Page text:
Jewish women from synagogues across the city realize the need for a unified philanthropic commitment to fight breast cancer, the leading type of cancer in women. Team Soul to Sole has joined the list of teams participating in the 25th Annual Susan G. Komen Race for the Cure Run/Walk at AutoZone Park (200 Union Avenue) on Saturday, October 28.
Rather than creating individual teams, every synagogue and Jewish women’s group pledges to join one team with the sole mission of connecting the Memphis Jewish community in the fight against breast cancer. The effort is unprecedented, especially for the Susan G. Memphis affiliate. Observant Jews who want to participate can spend the night in a hotel downtown and walk to the race.
In 1977, Susan Goodman Komen was diagnosed with breast cancer at the age of 33. Her sister Nancy Goodman Brinker began the Susan G. Komen for the Cure with $200 and a shoebox of friends’ names after Susan died in 1980. Susan G. Komen now stands as the largest non-government funder of breast cancer research in the world.
With a similar approach, a group of passionate Germantown women gathered around a kitchen table in 1992 and started the Memphis-MidSouth Susan G. Komen Race for the Cure. Since its inception, Memphis Komen, through thousands of volunteers and donors, has contributed over $3 million to national breast cancer research and over $10.5 million to local organizations.
“There are countless noteworthy philanthropies in Memphis, but Susan G. Komen Memphis-MidSouth is the only non-government, non-insurance funder of screenings, mammograms and diagnostics in our community,” said Lorraine Wolf, a founding member of Team Soul to Sole and board member and immediate past president of Memphis-MidSouth Affiliate of Susan G. Komen.
“No other non-profit organization in our community is granting dollars to our local hospitals and clinics for those medical needs. And while Susan G. Komen Memphis-MidSouth gives 25% of its funds to national breast cancer research, 75% stays here in the Mid-South to serve underinsured and uninsured women.”
Along with Lorraine, other Team Soul to Sole founding members are Lisa Harris, Laurie Scheidt and Dr. Lindi Vanderwalde. Judith Stone, Marilyn Glazer, Tami Eiseman and Jan Reisman are Team Soul to Sole committee members.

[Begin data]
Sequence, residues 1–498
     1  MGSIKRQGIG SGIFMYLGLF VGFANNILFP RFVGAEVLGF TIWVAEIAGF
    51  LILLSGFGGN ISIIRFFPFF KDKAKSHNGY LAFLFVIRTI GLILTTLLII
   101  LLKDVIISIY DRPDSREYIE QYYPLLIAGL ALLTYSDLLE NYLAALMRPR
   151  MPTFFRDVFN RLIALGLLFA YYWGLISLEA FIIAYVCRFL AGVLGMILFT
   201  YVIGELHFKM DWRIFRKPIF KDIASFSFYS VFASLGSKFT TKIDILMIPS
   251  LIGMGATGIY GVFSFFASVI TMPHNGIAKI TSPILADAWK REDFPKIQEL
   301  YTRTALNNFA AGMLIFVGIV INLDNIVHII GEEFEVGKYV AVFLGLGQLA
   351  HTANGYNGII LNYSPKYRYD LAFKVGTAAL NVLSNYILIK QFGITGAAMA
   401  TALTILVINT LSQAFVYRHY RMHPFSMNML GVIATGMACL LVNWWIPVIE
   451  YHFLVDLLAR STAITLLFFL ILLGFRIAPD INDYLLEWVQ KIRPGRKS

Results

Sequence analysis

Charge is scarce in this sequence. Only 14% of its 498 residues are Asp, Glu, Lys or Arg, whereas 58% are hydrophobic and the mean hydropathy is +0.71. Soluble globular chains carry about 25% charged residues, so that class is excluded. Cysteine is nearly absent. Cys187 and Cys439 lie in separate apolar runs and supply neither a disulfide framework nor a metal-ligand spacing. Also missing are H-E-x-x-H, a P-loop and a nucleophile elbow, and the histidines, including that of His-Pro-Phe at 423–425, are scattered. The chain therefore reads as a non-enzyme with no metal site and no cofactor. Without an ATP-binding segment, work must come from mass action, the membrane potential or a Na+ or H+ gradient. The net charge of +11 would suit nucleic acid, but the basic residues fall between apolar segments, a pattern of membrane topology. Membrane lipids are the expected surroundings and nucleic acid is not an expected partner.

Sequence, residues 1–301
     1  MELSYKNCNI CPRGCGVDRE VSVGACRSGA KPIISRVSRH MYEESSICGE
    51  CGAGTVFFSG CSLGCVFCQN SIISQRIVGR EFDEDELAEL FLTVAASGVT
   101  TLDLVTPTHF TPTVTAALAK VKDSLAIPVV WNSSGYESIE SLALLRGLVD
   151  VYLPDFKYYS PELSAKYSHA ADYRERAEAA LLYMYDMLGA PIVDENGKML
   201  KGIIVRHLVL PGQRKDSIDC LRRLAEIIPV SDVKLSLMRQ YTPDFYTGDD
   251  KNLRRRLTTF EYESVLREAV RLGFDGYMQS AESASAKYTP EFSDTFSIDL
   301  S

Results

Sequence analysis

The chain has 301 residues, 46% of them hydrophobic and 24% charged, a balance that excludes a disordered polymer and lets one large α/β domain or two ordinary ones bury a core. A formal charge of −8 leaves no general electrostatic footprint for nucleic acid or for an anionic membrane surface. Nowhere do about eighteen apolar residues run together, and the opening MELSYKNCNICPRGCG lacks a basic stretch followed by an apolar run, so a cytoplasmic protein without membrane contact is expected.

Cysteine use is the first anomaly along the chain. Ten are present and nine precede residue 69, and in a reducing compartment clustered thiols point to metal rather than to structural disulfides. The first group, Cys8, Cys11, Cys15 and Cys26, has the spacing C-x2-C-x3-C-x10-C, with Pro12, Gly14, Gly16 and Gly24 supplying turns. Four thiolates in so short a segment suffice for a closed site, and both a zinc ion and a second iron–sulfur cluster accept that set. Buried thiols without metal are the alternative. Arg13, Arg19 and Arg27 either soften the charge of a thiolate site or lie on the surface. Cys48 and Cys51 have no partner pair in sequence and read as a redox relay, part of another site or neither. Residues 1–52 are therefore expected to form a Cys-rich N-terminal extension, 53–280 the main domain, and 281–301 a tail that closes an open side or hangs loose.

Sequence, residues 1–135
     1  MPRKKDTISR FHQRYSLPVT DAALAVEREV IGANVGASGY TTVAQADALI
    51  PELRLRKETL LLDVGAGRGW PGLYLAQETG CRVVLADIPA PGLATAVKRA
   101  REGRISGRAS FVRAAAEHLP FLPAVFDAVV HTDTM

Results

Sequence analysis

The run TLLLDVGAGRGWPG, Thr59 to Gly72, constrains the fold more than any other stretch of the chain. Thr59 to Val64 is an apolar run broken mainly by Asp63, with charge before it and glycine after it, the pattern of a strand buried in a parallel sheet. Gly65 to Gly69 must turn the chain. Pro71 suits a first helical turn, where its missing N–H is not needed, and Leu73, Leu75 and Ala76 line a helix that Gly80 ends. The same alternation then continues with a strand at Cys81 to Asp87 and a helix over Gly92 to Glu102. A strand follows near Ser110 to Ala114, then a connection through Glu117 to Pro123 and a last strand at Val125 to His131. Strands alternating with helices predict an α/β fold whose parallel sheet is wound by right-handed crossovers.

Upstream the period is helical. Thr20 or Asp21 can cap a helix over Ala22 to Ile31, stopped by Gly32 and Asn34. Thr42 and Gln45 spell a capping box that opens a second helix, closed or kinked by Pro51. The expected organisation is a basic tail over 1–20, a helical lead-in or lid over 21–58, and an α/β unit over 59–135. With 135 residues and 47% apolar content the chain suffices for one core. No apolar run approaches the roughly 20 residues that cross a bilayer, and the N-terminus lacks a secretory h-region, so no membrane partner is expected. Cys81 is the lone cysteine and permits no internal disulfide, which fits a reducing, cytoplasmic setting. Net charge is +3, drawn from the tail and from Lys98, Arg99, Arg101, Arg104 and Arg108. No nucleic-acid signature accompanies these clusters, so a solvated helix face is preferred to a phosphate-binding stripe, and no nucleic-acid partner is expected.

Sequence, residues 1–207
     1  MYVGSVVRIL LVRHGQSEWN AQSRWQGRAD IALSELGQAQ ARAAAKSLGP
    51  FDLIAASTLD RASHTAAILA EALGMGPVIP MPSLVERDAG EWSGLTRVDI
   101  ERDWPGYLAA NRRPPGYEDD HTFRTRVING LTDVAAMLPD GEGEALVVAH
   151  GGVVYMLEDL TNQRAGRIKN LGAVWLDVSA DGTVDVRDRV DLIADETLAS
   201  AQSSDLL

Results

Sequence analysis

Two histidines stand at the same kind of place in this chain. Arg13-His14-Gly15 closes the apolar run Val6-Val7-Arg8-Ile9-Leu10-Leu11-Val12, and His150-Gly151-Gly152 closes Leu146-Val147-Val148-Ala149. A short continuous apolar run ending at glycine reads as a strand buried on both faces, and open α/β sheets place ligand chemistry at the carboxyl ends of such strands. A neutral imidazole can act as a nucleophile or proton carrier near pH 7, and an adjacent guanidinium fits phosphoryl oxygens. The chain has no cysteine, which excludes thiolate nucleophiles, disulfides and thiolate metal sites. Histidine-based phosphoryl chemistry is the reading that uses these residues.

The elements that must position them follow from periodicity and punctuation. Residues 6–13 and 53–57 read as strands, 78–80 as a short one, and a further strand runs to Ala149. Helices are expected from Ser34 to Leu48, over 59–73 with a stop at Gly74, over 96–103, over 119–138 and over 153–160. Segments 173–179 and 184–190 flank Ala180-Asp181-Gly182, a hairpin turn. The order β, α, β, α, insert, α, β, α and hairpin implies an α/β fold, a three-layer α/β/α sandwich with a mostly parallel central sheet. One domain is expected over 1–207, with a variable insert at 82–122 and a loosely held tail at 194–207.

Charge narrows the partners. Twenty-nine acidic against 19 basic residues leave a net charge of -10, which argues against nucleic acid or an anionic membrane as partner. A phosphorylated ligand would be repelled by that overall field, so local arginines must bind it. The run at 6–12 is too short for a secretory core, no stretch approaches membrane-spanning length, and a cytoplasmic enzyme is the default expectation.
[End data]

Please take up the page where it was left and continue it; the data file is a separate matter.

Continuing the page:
The committee’s groundbreaking coordination has sparked a community-wide initiative to participate in the Race for the Cure on October 28. Actual attendance at the Race/Walk is not mandatory with the Virtual Registration option, allowing everyone to participate in the cause, even if you cannot attend. To register, visit www.komenmemphis.org and join Team Soul to Sole.
With all synagogues on board, flyers and promotional materials will soon enter houses of worship with additional race information. Gentlemen also are encouraged to participate.
Team Soul to Sole was awarded the Top Fundraiser for Faith-Based Organizations for last year’s Race for the Cure and has raised over $30,000.
“Team Soul to Sole was formed three years ago to unite the Memphis Jewish Community in the fight against Breast Cancer,” said committee chair and Race Team captain Lisa Harris. “We have been amazed at the generosity of our community and the support of our annual educational program. In fact, the Sisterhoods in Memphis really enjoy coming together annually to learn and rally around this cause. We only hope that this continues to grow.”
“Every Jewish woman knows a Jewish woman, and probably someone in her own family, who has or has had breast cancer.”
A vast majority of Jews in the United States have central and eastern European, or Ashkenazi, ancestors. Ashkenazi Jews are much more likely to carry a rare, inherited mutation in the BRCA1 or BRCA2 gene as compared to people in the general population. These mutations increase the risk of getting certain types of cancer, including breast and ovarian in women and breast and prostate in men. BRCA stands for BReast CAncer susceptibility gene. Women with a BRCA gene mutation are seven times more likely to get breast cancer and 30 times more likely to get ovarian cancer than other women before age 70, according to the Centers for Disease Control.
Team Soul to Sole and the Women of Reform Judaism-Temple Israel Sisterhood will host a community-wide Sisterhood event on Tues., Sept. 5, at Temple Israel, 1376 East Massey Road, from 7 to 9 p.m., in partnership with the Sisterhoods of Anshei Sphard Beth El Emeth, Baron Hirsch, Beth Sholom, Chabad Lubavitch, Or Chadash and Young Israel Synagogues. The Women’s Health Issues and Breast Cancer educational program will feature Breast Cancer Screening and Treatment Update presented by Lindi Vanderwalde, MD, Breast Surgery; Cosmetic Surgery: Breast Reconstruction and Other Common Procedures presented by Ellis Tavin, MD, Plastic Surgery (please note: graphic photos will be shown for illustrative purposes), and Wellness Screening Through the Years presented by Cindy Katz, DNP, Internal Medicine. Kosher dairy refreshments will be served. The event is free and open to the public.
For additional information, please contact Lisa Harris, firstname.lastname@example.org or 901.685.8976.